Cook also began his pioneer work for forecasting the timing of fungicidal applications with special emphasis on potato late blight and cucurbit downy mildew.

In 1931, results of research by the new members of the faculty appeared in several publications. Henderson described experiments on, "Transmission of tobacco ringspot by seed of petunia" (Phytopathology 21:225-229). After having observed naturally infected Petunia plants in Pittsylvania and Washington Cos., he grew plants from seed produced on plants inoculated with ringspot virus from tobacco. In two plantings, 19.8 and 20.2%, respectively, of the seedlings were infected. In another publication, "Further studies on tobacco ringspot in Virginia" (J. Agr. Res. 43:191-207), Henderson and Wingard reported there was no transmission of ringspot virus through tobacco seeds. In tobacco, they reported that plants inoculated with ringspot virus showed symptoms soon after inoculation, but later, emerging leaves may be symptomless. Cuttings from symptomless portions of infected plants were virus-free. As a consequence, the term "acquired immunity" was coined, not by Wingard, and Henderson but by W. C. Price. Yet Wingard's name was associated with the term in the literature of the 1930's to 1950's. Wingard may have discovered the phenomenon of recovery from symptom expression but he never used "acquired immunity" in his publications. Henderson and Wingard made many inoculations with juice of sweet clover, yellow iron weed, petunias, and squash and found that virus from these sources was less virulent than virus occurring in tobacco. They referred to virus from those sources as attenuated strains.

Shear published "Studies on inanition in Arachis and Phaseolus" (Plant Physiol. 6:277-294, 1931); this was from his Ph.D. dissertation presented to the University of Illinois (Inanition = starvation). It had nothing to do with plant pathology but indicated Shear would be anxious to publish his findings. He would soon make contributions to the understanding of physiological diseases in plants.

Hurt authored, "The Waste Sulphite Material of Paper Mills as Adjuvant to Certain Spray Materials" (Va. Agri. Exp. Sta. Bul. 227). This was his M.S. degree thesis work; it has been reviewed previously (see 1930). Hurt was also a co-author of, "Removal of Spray Residue from Apples" (W. S. Hough, R. H. Hurt, W. B. Ellett, J. F. Eheart, and A. B. Groves. Va. Agri. Exp. Sta. Bul. 278, 1931). He presented a paper to the 35th Annual Meetings of the Horticultural Society December 1930, "New spray materials for apples and peaches [Va. Fruit 19(1):88-95, Jan. 1931]. He described lignin pitch, previously discussed as waste paper manufacturing sulphite (Goulac and Glutrin), and zinc-lime (see below) which he had found reduced spray injuries on peach. He carefully described how and when to use it. In a paper to plant pathologists, he described his discovery that the zinc-lime spray developed by J. W. Roberts for control of the peach bacterial shot-hole disease, if applied with lead arsenate, would prevent arsenical injury to twigs and foliage. There was no comment in his brief article as to the efficacy of the mixture toward peach insects (R. H. Hurt. The prevention of arsenical injury to peach twigs and foliage in Virginia. Phytopathology 21:1204, 1931).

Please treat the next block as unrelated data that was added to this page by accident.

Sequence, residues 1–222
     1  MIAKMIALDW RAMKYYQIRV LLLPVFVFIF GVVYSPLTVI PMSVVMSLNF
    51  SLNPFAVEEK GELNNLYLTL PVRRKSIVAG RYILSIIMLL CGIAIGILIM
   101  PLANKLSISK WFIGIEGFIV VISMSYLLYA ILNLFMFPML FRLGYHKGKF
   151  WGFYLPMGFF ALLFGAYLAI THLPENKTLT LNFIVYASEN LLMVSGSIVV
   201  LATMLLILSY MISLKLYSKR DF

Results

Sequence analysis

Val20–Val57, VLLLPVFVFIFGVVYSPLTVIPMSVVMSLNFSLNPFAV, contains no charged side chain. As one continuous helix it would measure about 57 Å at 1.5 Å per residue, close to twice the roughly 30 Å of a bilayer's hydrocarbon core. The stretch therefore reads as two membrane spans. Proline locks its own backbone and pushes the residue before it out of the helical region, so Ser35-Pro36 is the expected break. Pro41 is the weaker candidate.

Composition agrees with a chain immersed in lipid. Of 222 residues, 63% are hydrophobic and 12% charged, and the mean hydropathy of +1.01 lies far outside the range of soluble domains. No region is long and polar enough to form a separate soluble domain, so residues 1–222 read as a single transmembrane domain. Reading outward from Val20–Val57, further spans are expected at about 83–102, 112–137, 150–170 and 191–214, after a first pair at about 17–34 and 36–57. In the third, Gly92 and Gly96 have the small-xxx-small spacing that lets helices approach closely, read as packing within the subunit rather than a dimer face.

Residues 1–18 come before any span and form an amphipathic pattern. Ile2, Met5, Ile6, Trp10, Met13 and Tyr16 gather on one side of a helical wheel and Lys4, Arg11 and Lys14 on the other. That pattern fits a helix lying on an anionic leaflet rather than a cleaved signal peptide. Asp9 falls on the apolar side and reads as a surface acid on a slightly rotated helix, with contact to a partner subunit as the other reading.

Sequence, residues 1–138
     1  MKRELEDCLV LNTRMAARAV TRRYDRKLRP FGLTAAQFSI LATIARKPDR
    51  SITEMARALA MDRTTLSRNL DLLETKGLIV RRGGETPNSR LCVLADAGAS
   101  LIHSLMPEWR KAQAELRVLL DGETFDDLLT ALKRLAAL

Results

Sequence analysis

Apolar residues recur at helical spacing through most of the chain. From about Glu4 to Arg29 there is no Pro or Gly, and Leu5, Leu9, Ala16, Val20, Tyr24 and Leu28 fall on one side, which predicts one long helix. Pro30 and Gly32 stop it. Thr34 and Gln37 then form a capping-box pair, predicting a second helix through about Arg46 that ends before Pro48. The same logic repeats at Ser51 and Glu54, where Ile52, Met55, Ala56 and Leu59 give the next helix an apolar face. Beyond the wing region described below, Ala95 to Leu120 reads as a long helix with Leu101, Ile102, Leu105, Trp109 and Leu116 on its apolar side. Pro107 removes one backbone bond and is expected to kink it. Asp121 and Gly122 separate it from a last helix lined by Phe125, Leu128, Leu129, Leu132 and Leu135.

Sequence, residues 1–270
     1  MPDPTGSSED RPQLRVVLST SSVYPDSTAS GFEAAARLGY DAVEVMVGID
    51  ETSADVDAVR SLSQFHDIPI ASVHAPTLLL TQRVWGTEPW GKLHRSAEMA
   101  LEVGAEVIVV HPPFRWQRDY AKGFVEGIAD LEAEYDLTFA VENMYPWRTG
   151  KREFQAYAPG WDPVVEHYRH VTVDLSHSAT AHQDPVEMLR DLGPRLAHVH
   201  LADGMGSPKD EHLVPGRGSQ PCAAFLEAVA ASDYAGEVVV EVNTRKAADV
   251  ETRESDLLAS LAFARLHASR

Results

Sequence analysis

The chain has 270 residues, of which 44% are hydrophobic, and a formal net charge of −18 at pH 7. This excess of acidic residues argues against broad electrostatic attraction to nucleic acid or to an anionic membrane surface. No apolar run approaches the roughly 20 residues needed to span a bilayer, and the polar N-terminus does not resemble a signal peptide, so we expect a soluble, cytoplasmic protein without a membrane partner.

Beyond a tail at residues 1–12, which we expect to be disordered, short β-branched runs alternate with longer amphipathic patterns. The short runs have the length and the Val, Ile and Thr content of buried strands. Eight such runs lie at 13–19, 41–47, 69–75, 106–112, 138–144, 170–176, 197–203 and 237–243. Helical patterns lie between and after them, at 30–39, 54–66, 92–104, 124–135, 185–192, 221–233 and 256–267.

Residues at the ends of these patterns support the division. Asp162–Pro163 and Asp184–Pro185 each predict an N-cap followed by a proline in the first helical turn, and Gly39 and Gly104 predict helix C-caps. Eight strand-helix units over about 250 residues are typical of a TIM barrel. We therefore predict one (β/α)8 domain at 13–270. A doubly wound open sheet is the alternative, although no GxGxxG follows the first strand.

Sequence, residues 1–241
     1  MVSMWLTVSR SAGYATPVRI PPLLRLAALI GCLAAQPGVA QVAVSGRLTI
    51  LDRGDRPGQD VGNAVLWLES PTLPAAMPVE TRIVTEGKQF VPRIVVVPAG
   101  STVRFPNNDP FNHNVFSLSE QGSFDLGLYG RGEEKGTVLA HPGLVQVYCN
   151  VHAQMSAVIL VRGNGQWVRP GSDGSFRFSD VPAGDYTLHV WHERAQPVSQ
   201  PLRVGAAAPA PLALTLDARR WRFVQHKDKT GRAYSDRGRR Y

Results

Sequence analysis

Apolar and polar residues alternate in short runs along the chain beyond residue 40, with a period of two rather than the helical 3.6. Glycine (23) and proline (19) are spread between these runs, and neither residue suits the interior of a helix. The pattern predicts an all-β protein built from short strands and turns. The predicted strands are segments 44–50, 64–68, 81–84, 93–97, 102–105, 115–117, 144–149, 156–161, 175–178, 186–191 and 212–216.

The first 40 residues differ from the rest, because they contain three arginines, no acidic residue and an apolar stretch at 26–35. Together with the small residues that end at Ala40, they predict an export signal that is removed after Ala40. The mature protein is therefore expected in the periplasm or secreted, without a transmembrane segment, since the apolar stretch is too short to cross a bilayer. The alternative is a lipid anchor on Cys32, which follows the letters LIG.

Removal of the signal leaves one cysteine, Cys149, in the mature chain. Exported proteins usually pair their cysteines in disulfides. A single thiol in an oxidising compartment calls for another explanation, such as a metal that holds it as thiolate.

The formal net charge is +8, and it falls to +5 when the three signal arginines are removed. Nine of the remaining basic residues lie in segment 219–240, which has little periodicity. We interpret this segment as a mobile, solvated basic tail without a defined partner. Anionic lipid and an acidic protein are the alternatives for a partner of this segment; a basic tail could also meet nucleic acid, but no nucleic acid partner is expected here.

Groves published his initial paper as a Virginia plant pathologist on, "Natural fireblight infections on Spiraea vanhouttei". At Winchester, two spiraea bushes growing under a pear tree developed fire-blight symptoms and Groves showed by inoculation experiments that both pear and spiraea were susceptible to the bacteria isolated from either host (Phytopathology 21:89-91, 1931).

At the 35th Annual Meetings of the Horticultural Society, December 1930, Wingard spoke on "Some important orchard diseases" [Va. Fruit 19(1):143-151, Jan. 1931]. The diseases covered were apple scab, powdery mildew, black root rot, winter injury, and fruit russet. He described and illustrated each item, and mentioned but did not dwell upon bitter rot, black rot, Missouri blotch, sooty blotch, fly-speck, and Phoma fruit spot.

Scattered throughout Virginia Fruit in 1931 were several other items on plant pathology. Wingard wrote, "Mr. Fruit Grower, don't forget apple scab this spring" [Va. Fruit 19(4):10-12, Apr. 1931], in which he reminded growers that even though scab was rare in 1930, there is ample inoculum to cause a flare-up in 1931. If cool, wet weather occurs in April, May, and June, scab infections may be expected. "The grower who sprays thoroughly with the proper materials and at the right time ... should have no difficulty in securing commercial control of scab."

James Godkin published notes on "Powdery mildew of roses" [Va. Fruit 19(6):15, June 1931], and "The home orchard" [Ibid. (7):14-16, July 1931]. For rose mildew, he recommended strict sanitation and use of potassium sulphide spray in the summer. For home orchards, he admonished owners to spray for disease and insect control or cut the trees down lest they menace commercial orchards. Godkin and Teske, it was announced, would be on a national radio hookup June 16, as Joe Apple and Professor Hort, in a discussion of "Apples consumers like to eat" [Va. Fruit 19(6):18, June 1931]. Groves wrote, "Fire blight becoming prevalent on apples" [Va. Fruit 19(7):14, July, 1931]. He emphasized occurrence of cankers on twigs which could lead to main- branch cankers. These could be treated with a hydrochloric acid-zinc chloride-alcohol concoction.